The site consists of the remains of a defended enclosure, likely dating back to the Iron Age period (c. 800 BC – AD 74). It is situated on the southern end of a spur overlooking Cardiff, with a gentle slope facing south and old quarry workings to the north. The enclosure is roughly oval in shape and is defined by a single banked structure. The site is within the territory of the Silures.

On the west side, there is a steep slope immediately below the bank, which has an external height of approximately 2m and negligible internal height. Moving towards the northwest side, the bank maintains the same external height, but has an internal height of around 1m with a gentle slope. There is a small external ditch and bank, with the ditch being 2m wide and 0.5m deep, accompanied by a slight bank outside it. A footpath crosses the bank at this point, causing some erosion.

On the north side, the bank has an internal height of 2.2m and an external height of 1.8m, with fairly steep sides. There are some large stones visible on the external side of the bank, and the ditch here is 2m wide, cut into the stone and about 1.5m deep, adjacent to the quarry area.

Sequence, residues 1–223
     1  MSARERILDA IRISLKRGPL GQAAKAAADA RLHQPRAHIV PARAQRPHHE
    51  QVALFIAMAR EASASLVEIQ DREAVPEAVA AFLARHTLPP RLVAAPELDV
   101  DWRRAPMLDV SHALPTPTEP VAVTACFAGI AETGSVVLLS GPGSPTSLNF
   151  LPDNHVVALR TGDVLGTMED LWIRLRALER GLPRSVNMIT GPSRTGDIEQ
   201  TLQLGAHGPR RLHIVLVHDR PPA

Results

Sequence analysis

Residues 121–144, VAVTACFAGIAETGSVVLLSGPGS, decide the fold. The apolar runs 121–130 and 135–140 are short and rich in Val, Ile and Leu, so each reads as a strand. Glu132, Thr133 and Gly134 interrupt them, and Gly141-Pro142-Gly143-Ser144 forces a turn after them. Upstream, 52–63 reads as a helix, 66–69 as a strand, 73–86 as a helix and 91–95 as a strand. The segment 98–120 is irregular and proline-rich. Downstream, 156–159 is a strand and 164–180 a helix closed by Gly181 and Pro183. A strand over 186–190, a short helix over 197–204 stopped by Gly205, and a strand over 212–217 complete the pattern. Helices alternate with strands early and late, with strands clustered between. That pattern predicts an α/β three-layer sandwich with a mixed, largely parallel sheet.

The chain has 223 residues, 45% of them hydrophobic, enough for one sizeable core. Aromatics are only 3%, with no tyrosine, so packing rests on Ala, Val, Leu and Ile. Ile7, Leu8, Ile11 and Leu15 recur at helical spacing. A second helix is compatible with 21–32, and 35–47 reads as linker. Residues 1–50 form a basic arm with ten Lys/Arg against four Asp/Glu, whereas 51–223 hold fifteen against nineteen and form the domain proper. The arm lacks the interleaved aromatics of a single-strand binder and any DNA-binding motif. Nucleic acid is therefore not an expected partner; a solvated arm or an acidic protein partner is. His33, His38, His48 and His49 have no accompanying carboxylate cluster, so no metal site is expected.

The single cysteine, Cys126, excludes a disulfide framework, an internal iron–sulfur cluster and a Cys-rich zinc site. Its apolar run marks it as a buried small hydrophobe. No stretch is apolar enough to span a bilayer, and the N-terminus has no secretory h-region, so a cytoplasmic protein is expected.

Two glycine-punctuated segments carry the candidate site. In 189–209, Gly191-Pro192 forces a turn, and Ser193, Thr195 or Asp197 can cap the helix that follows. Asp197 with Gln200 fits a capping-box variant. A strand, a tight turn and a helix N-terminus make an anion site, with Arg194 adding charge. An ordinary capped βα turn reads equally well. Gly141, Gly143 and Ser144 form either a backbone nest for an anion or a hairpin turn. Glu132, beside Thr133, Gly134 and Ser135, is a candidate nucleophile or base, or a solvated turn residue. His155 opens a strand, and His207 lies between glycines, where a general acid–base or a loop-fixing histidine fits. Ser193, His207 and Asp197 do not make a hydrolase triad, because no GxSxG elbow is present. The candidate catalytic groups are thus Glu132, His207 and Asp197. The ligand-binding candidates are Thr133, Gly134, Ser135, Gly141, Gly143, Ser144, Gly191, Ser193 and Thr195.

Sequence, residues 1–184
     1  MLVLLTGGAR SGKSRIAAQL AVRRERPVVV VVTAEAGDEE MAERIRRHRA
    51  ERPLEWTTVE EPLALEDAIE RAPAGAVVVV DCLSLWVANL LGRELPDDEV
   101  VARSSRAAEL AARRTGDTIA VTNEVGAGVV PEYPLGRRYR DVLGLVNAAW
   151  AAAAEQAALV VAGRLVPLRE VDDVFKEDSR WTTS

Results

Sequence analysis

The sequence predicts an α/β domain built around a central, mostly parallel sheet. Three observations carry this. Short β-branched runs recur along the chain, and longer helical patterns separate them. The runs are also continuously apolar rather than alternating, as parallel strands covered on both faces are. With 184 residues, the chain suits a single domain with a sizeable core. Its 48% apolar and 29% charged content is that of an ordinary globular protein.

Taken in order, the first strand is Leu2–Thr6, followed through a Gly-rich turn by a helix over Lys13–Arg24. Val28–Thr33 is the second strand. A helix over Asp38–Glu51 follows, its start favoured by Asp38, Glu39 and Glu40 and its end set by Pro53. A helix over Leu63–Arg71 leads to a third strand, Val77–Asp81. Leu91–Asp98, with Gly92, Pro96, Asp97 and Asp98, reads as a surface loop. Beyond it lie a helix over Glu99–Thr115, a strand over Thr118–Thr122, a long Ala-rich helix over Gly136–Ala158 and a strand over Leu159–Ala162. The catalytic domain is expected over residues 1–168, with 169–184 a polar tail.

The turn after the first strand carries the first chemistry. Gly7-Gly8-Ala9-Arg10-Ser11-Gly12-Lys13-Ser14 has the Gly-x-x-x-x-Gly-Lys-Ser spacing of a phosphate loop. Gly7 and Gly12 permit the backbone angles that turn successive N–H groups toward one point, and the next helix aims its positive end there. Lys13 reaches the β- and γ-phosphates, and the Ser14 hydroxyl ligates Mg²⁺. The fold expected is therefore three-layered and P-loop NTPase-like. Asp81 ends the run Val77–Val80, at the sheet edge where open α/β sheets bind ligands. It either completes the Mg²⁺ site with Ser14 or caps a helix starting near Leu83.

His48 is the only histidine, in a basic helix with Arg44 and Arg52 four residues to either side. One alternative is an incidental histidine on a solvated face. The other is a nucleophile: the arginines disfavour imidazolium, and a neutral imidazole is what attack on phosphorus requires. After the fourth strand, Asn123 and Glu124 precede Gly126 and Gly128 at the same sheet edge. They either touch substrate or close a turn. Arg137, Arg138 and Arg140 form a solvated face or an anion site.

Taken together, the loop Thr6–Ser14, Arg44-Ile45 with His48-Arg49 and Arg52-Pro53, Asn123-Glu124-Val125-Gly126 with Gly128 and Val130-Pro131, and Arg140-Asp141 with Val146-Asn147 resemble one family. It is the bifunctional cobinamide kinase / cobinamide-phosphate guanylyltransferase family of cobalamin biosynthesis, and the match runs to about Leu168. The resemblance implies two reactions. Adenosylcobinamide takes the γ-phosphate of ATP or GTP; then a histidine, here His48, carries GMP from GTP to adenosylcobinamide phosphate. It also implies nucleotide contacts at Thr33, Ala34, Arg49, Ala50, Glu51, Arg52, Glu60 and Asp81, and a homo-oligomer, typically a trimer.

On the east side, the ground is level outside the enclosure and then drops. The bank has an external height of 2m at the northern end, decreasing to 1m towards the south. The internal height varies from approximately 0.5m to 1m, and no external ditch is visible on this side. Similarly, on the south side, there is level ground before it drops, and the bank has an external height of 1m and an internal height of 0m to 0.5m. The interior slopes gently towards the south with no visible internal features.

The monument is of national importance due to its potential to enhance our knowledge of later prehistoric defensive organization and settlement. It is an important element within the broader context of later prehistoric sites in the surrounding landscape. The site is well-preserved and retains significant archaeological potential, including evidence related to chronology, building techniques, and functional details.

Sites near Wenallt Camp